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Aikinite

Named after Arthur Aikin, an English chemist, mineralogist, and founder and Secretary of the Geological Society of London, England. Aikinite is an uncommon mineral that is found in hydrothermal veins in localities in Russia, Slovakia, France, the United States, Mexico, and many others. Minerals associated with Aikinite include gold, pyrite, galena, tennantite, bismuthinite, enargite, chalcopyrite, and quartz.

Ref. Handbook of Mineralogy, Anthony et al (1995) and MSA at http://www.handbookofmineralogy.org/pdfs/aikinite.pdf

Ajoite

Named after the type locality at the New Cornelia mine, also called the Ajo mine, in Ajo, Arizona, USA. Ajoite is a rare mineral that occurs in additional USA localities, as well as in Mexico, South Africa, Namibia, Austria, Romania, Germany, and Japan. It is found “in oxidized copper-rich base metal deposits” in association with shattuckite, conichalcite, quartz, muscovite, pyrite, creaseyite, fluorite, duhamelite, sillenite, and papagoite.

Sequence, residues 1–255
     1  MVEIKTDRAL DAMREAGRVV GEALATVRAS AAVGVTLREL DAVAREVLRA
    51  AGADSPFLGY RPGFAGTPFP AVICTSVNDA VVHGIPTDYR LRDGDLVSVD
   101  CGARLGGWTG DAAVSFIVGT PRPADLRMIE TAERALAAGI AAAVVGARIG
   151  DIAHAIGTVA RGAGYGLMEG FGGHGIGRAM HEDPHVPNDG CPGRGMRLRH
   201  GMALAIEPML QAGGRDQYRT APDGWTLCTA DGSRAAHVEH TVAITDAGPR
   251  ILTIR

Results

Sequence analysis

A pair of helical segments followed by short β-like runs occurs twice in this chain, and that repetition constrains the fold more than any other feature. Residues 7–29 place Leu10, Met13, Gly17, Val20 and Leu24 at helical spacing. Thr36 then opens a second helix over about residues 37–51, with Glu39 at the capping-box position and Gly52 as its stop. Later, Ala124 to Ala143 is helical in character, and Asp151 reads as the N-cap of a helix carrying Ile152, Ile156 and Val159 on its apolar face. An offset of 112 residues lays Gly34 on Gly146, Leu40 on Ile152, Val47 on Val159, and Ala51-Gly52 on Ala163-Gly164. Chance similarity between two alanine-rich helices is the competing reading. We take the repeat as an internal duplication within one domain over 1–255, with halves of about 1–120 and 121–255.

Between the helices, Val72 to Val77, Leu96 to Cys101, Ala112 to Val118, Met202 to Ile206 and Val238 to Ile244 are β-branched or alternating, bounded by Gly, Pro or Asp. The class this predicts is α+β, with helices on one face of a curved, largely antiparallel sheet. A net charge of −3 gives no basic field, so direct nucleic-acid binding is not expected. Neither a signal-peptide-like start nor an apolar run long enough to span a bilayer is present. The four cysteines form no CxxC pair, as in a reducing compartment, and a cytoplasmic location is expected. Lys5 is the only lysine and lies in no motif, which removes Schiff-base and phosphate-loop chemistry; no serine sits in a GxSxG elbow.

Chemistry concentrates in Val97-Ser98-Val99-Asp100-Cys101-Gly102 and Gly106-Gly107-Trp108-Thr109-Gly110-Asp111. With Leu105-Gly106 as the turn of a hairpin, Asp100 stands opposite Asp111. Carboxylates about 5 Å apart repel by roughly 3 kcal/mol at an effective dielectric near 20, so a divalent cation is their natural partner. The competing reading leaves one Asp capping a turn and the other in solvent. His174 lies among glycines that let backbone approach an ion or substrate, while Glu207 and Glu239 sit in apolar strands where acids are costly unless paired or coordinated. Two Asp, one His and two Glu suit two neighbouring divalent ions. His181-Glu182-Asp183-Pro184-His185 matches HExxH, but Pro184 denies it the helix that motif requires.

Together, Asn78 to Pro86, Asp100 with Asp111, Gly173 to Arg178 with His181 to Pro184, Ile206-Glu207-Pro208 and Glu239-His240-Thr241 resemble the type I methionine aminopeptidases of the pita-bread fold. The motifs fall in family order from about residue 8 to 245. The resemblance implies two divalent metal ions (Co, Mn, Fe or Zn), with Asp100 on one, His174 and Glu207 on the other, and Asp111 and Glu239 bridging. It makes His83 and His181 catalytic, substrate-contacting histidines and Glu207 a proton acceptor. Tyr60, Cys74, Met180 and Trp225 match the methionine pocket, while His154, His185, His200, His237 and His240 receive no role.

Ref. Handbook of Mineralogy, Anthony et al (1995) and MSA at http://www.handbookofmineralogy.org/pdfs/ajoite.pdf

Alamosite

Named for the type locality at Alamos in the Alamos Municipality in Sonora, Mexico. Alamosite is a rare mineral that occurs in additional localities in the United States, Namibia, and Sweden. It occurs as a secondary mineral in oxidized lead-bearing base metal deposits in association with wulfenite, leadhillite, cerussite, anglesite, melanotekite, fleischerite, kegelite, hematite, diaboleite, phosgenite, willemite, shattuckite, and wickenburgite.

Ref. Handbook of Mineralogy, Anthony et al (1995) and MSA at http://www.handbookofmineralogy.org/pdfs/alamosite.pdf

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